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FIRST LOOK

Child Graddon Lewis’s mixed-use Paddington block includes UK’s tallest school

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The Dudley House scheme for Westminster City Council includes 197 affordable homes, a permanent home for Marylebone Boys’ Secondary School, a church and retail unit

Sited on a 4,000m² footprint, Dudley House is Westminster’s largest-ever design-and-build contract scheme and intended as a flagship project in the borough’s inclusive ‘City for All’ programme – creating affordable homes and community infrastructure within a highly constrained and commercial urban location.

Child Graddon Lewis’s design approach has been to clearly express the split between all the main uses, with each having an identifiable entrance facing on to separate streets and with separate circulation cores.

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The residential element, wheelchair accessible throughout, is 22 storeys high and clad in terracotta. The homes are a mix of studio,one-bed and two-bed units, all dual-aspect and offered at intermediate rent. The dwellings created contribute to the council’s programme of house-building, which aims to deliver 22,000 new homes by 2040.

The nine-storey secondary school, the tallest in the UK, accommodates Marylebone Boys’ School, a new school which spent its first four years in several temporary locations. Inside, the school has a central atria and the design includes a flexible hall space with retractable seating at basement level. Working with the limitations in space, the design also incorporates a netted play area at roof level.

The church, meanwhile, provides a new home for the local Central Pentecostal Church, which had previously operated in a dilapidated, poorly converted terrace house.

The building uses a central energy centre based upon a Combined Heat & Power system, which reduces the carbon emissions of the building by 40 per cent. On-site renewable energy is generated by rooftop photovoltaics.

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Architect’s view

The design approach was to place a vertical split between all main uses. This not only inspires an identity for the residents, pupils and school staff, church congregation and retail business, but allows for more flexibility within the design process while maximising the available footprint of the site. For example, the problem with placing housing above the school – which would have been a viable design solution – is that the layout of the school is inevitably constrained by the structural configuration of the housing above. Also, having playground amenity space between floors means they’re not strictly open-air spaces.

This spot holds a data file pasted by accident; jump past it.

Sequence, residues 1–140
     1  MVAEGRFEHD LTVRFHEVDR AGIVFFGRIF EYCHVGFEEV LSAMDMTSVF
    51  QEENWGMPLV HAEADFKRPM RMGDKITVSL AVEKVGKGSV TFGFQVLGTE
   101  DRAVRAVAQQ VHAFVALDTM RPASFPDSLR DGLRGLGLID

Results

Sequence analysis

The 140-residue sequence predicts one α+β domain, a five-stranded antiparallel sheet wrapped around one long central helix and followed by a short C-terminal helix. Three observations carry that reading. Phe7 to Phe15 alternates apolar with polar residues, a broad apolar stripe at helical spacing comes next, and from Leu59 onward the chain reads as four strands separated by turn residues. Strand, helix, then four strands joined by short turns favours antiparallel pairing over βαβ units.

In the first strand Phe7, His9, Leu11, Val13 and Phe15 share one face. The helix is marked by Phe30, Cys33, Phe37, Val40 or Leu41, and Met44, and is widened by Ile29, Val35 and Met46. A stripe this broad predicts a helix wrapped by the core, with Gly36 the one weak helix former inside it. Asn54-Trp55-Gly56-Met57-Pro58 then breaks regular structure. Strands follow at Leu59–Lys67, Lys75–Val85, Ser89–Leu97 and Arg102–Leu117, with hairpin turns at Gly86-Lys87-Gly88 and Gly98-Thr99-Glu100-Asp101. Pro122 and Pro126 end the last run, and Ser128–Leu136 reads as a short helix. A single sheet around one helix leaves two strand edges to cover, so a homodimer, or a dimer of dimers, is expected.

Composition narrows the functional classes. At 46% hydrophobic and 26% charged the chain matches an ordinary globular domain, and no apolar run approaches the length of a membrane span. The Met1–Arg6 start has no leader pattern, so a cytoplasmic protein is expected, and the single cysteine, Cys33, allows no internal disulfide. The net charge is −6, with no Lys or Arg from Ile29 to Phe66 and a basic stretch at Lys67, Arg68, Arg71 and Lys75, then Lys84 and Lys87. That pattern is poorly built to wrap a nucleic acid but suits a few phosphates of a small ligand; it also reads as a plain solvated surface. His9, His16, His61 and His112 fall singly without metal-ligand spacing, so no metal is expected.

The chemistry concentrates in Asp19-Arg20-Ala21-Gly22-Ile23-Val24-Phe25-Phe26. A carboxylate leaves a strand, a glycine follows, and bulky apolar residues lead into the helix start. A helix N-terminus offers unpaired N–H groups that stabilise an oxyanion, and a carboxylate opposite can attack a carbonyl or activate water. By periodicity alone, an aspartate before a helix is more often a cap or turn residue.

Overall, we believe Dudley House provides a development that will foster a sense of community, completing one of the missing pieces of the Paddington Basin masterplan jigsaw. The vibrant mix of uses will ensure that this stretch of Paddington is much more than just a place where people work.

James Felstead, director, Child Graddon Lewis

Ground floor plan

Ground floor plan

Client’s view

Dudley House is an essential part of Westminster’s commitment to transforming our city into a ‘City for All’, delivering at least 1,850 much-needed affordable homes by 2023 with thousands more to follow. We could not have delivered this ambitious project, and 197 affordable homes, without the support and vision of our partner Child Graddon Lewis.

We asked a lot of them. It was a real challenge to deliver 197 new homes of a high standard, a secondary school with enough outdoor and play space, a church and retail on a highly constrained site in Paddington. The practice worked collaboratively at every stage, always acting in partnership with Westminster officers and our contractor, Wilmott Dixon Construction, to deliver a highly efficient building which makes effective use of the land and serves all its users equally.

It is through the architect’s innovative design that the 840-pupil school was delivered despite the constraints of a highly urban environment and limited space on site. A nine-storey vertical-school was built around a bright atrium, with the roof cleverly adapted to provide an outdoor football pitch and classroom spaces designed to be flexible and multi-purpose. Equally, they designed the residential element to provide 197 homes of outstanding quality, with a degree of privacy and calm that you might not expect of a building in the heart of Paddington and just off the A40 flyover.

Paul Choat, head of construction, Westminster City Council

Mixed use sketch

Mixed use sketch

Project data

Start on site January 2017
Completion October 2019
Gross internal floor area 25,815m²
Cost Undisclosed
Client and developer Westminster City Council
Architect Child Graddon Lewis
Employer’s agent and construction management Currie & Brown
Main contractor Willmott Dixon Construction
Structural engineer Structa
M&E consultant TGA & Kane Group Building Services
Sustainability engineer 
TGA & Kane Group Building Services
Planning consultant WYG & Union 4 Planning
Approved building inspector Westminster Building Control
Energy assessor Chapman BDSP
Ecology Middlemarch Environmental
Acoustic consultant Spectrum
Daylight and sunlight CHP Surveyors
Transport Meyer Brown
Landscape Keary Design Associates
Façade engineers Inhabit
Balconies subcontractor Sapphire Balconies, BA Systems
Roofing and waterproofing IKO
CAD software used Revit

Performance data

Assessment rating Code for Sustainable Homes Level 4 (Residential), BREEAM ‘Very Good’ (School)
Gross final energy consumption 129.83 kWh/m²/yr
Total on-site renewable energy generation 308523.00 kWh/yr
U-values (W/m²K) Whole envelope 0.29, Walls 0.15, Roof 0.14, Doors 0.54, Windows 1.20
Air Tightness 3.0 m³/H.m²

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